It’s Still 1952 In East Baton Rouge (Updated)
July 29th, 2013
That was the year that Dale Jennings, a co-founder of the Mattachine Society, was arrested in his own home for allegedly soliciting an undercover police officer for immoral purposes. But unlike nearly everyone else who was arrested for trumped up charges regardless of whether the intended sexual acts were between consenting adults in the privacy of their own home, Jennings fought the charges and won. Since then, sodomy laws have been declared unconstitutional and the legal basis for prosecuting consenting adults in their own homes has been absent in all fifty states and territories since 2003, when the Supreme Court declared those laws unconstitutional.
But the sheriff of East Baton Rouge Parish, Louisiana, is still partying like it’s 1952:
As the two men moved their chat to a picnic table, the deputy propositioned his target with “some drinks and some fun” back at his place, later inquiring whether the man had any condoms, according to court records. After following the deputy to a nearby apartment, the man was handcuffed and booked into Parish Prison on a single count of attempted crime against nature.
There had been no sex-for-money deal between the two. The men did not agree to have sex in the park, a public place. And the count against the man was based on a part of Louisiana’s anti-sodomy law struck down by the U.S. Supreme Court a decade ago.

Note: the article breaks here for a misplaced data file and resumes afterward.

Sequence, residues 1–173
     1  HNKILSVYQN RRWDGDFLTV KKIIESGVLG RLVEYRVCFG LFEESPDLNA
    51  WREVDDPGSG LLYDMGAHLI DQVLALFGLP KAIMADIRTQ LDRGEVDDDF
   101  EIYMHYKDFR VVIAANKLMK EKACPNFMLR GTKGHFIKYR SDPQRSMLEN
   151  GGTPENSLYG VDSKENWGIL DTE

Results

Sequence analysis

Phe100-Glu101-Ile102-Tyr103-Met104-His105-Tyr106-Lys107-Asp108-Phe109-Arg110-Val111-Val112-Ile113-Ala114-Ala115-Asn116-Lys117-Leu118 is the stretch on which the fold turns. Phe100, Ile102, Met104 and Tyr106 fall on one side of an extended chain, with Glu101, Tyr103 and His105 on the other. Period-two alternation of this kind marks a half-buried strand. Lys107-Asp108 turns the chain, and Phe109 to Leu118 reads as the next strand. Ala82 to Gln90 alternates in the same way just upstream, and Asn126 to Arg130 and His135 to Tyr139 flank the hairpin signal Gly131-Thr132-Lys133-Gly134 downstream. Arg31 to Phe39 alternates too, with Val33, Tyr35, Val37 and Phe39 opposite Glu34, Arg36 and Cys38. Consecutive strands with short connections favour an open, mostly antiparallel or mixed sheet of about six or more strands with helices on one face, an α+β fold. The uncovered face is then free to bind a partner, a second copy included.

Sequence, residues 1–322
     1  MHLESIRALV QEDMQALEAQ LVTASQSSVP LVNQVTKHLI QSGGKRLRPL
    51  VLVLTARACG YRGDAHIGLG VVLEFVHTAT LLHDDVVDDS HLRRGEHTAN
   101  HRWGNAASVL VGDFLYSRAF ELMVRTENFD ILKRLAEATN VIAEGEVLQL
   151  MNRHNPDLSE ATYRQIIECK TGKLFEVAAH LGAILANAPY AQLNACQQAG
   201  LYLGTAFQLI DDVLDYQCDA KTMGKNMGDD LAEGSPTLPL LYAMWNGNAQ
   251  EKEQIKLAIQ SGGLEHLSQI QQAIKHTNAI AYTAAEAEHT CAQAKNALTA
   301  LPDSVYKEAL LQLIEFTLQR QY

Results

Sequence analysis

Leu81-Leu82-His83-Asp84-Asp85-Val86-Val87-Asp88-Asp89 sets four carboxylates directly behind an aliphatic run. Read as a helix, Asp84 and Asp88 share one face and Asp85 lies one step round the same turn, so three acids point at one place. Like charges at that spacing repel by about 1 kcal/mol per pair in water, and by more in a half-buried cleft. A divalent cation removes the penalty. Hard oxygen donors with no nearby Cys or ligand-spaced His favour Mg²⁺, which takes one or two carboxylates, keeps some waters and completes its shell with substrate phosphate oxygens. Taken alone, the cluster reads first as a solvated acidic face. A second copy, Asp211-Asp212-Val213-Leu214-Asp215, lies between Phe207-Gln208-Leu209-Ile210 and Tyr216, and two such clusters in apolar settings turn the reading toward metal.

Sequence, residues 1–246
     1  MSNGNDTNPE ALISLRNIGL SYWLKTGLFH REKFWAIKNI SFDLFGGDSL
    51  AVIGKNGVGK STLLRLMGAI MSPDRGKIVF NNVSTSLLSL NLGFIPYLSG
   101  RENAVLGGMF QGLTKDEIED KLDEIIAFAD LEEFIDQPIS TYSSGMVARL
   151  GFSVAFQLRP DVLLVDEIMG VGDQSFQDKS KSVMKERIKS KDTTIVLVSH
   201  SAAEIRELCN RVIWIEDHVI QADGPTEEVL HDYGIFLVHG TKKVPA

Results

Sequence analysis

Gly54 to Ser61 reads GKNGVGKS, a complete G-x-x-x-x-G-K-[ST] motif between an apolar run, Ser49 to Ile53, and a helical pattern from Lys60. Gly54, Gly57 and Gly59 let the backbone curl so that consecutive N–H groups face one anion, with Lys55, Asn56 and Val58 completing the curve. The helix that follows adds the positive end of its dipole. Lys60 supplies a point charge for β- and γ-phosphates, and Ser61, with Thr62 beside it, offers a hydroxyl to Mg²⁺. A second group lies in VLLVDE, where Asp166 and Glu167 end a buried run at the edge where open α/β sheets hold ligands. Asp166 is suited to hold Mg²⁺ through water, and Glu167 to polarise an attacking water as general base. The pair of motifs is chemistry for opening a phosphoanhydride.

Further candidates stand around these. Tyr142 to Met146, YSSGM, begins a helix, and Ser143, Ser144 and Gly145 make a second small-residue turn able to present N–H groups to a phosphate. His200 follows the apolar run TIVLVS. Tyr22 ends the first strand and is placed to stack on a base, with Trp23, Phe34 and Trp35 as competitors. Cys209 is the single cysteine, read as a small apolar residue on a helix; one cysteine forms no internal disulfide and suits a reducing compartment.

The July 18 arrest is among at least a dozen cases since 2011 in which a Sheriff’s Office task force used the unenforceable law to ensnare men who merely discussed or agreed to have consensual sex with an undercover agent, an investigation by The Advocate has found.
The District Attorney refused to prosecute the cases because no laws were broken. But that doesn’t change the fact that at least a dozen men were arrested, read their rights, handcuffed, taken in, booked, fingerprinted, and posted bond. The dozen arrests were made by the Sheriff’s Special Community Anti-Crime Team, which also investigates prostitution and child predators. The task force took advantage of the fact that most of the men arrested were older and had not come out to their families.
After news of the illegal sting operation broke in the Baton Rouge Metro councilman John Delgado sent an email to Sheriff Sid Gautreaux demanding an explanation and apology. The Sheriff’s office responded in a way to make matters worse by equating private, consensual adult activity with public masturbation:
“The Sheriff’s Office has not, nor will it ever, set out with the intent to target or embarrass any part of our law-abiding community,” the Sheriff’s Office statement says.
“We will consult with others in the legislative and judicial branches to see what can be done to remove this law from the criminal code that each deputy receives and to also find alternative ways to deter sexual and lewd activity from our parks,” the statement says.